AppearanceAdult male blue-tailed damselflies have a head and thorax patterned with blue and black. They have a largely black abdomen with very narrow pale markings where each segment joins the next. Segment eight, however, is entirely pale blue. At rest, the wings of most damselfly species are held back together, unlike dragonflies, which rest with their wings out flat. The thorax of juvenile males has a green tinge. A male can try to interfere with a mating pair, by attaching itself to the mating male.
Female blue-tailed Damselflies come in a variety of colour forms. Juveniles may be salmon pink, form rufescens; violet, form violacea and a pale green form. The colour darkens as the damselfly ages. Mature females may be blue like the male, form typica; olive green thorax and brown spot, form infuscans or pale brown thorax and brown spot, form infusca-obseleta.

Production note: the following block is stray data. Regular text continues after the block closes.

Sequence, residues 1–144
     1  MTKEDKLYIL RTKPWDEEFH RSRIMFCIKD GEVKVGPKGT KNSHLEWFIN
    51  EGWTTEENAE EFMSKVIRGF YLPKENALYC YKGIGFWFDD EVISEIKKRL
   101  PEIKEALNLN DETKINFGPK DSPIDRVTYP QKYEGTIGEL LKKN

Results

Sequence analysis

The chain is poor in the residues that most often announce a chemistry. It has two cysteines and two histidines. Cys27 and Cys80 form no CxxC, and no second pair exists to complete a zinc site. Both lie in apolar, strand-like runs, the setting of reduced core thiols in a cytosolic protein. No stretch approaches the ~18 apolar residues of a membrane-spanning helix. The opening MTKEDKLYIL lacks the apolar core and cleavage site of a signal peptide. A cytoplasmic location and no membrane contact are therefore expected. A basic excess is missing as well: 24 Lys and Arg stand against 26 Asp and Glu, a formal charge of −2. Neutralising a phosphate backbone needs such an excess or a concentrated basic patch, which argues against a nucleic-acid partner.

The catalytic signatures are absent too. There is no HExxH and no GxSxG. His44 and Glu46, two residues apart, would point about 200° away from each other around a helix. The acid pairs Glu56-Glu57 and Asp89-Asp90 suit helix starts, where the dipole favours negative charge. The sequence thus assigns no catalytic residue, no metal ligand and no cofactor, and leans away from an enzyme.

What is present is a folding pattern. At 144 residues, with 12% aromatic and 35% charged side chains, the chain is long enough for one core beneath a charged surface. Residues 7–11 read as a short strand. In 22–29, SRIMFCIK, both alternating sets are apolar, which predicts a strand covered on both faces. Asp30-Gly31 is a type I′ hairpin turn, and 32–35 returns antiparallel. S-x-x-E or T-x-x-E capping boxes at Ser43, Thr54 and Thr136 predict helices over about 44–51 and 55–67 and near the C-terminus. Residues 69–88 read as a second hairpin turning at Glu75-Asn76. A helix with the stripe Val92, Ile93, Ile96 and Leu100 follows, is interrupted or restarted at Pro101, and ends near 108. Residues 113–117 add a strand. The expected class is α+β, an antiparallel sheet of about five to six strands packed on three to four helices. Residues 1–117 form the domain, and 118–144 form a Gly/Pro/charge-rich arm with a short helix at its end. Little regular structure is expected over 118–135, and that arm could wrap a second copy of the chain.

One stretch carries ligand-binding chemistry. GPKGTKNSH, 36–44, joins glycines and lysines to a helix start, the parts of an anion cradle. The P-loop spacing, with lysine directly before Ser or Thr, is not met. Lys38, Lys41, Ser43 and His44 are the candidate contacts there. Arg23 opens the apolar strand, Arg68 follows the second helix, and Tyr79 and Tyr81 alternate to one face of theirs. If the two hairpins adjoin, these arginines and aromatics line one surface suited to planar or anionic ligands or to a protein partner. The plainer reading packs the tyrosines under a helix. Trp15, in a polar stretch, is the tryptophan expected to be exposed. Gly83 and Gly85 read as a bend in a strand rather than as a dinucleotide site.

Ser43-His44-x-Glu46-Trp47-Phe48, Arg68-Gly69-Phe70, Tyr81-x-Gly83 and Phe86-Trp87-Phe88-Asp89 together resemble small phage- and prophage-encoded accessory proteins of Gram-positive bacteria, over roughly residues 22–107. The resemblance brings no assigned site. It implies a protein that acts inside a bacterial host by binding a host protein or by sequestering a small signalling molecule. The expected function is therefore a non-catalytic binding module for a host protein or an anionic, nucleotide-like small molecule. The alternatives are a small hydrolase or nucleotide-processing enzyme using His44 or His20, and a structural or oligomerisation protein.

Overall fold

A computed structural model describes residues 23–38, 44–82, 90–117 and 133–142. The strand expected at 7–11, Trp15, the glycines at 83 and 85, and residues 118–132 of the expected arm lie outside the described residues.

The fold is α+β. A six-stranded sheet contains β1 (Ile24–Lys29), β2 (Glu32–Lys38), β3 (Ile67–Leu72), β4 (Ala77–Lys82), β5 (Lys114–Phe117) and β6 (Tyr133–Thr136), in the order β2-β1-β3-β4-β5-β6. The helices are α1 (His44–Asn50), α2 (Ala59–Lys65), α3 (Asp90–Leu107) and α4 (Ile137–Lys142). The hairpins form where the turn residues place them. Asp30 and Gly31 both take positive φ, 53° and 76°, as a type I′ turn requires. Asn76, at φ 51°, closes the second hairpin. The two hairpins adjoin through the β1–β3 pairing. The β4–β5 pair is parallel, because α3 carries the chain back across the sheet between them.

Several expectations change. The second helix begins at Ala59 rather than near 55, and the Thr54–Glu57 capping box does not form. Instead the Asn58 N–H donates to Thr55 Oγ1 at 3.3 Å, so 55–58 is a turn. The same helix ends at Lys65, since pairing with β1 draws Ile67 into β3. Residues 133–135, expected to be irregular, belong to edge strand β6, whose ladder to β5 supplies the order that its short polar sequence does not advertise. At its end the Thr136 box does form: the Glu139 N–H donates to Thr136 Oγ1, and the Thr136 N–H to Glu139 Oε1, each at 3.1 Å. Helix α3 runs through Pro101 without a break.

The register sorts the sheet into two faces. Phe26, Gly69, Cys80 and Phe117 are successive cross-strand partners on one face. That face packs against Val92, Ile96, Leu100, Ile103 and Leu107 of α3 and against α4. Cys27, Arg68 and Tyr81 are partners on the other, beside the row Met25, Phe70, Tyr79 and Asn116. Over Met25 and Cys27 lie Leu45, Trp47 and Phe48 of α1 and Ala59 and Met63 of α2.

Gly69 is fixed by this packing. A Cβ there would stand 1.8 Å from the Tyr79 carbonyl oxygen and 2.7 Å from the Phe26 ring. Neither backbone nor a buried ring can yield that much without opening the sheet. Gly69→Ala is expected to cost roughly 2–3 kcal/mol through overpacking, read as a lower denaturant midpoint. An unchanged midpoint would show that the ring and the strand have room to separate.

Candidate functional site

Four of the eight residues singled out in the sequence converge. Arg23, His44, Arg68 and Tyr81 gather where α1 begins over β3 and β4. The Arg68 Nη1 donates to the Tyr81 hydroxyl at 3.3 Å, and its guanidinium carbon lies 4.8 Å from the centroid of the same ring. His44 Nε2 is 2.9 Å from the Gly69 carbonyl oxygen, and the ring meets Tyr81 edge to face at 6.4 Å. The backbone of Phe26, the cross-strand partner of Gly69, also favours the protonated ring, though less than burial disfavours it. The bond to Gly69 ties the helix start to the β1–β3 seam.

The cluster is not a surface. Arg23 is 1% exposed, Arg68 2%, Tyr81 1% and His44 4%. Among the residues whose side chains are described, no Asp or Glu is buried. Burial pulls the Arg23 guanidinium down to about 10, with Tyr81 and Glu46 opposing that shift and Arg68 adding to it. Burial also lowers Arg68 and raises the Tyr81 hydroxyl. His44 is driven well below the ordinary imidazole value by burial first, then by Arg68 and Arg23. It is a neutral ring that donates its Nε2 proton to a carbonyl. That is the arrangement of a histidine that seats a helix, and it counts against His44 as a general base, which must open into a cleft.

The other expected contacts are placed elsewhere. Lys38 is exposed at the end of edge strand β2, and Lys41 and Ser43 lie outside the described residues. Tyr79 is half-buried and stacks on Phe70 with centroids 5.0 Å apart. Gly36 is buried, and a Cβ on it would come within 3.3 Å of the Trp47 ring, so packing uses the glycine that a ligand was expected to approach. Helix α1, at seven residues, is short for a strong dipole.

DistributionIschnura elegans occurs from western Europe to Japan.
BehaviorBlue-tailed Damselflies are superb fliers and can alter each of their four wing's kinematics in order to maneuver. A recent study has shown that they can compensate for a whole wing loss and even successfully maneuver and catch prey.
HabitatThis species breeds in a wide variety of standing and slow flowing waters. It is very common at eutrophic and mesotrophic sites, but avoids acid waters. It is tolerant of salinity.
FoodDamselfly nymphs are aquatic, and prey on small aquatic insects or other aquatic larvae. The adult damselflies prey on small flying insects, caught using their legs like a basket to scoop the prey up while flying, or insects taken from leaves.
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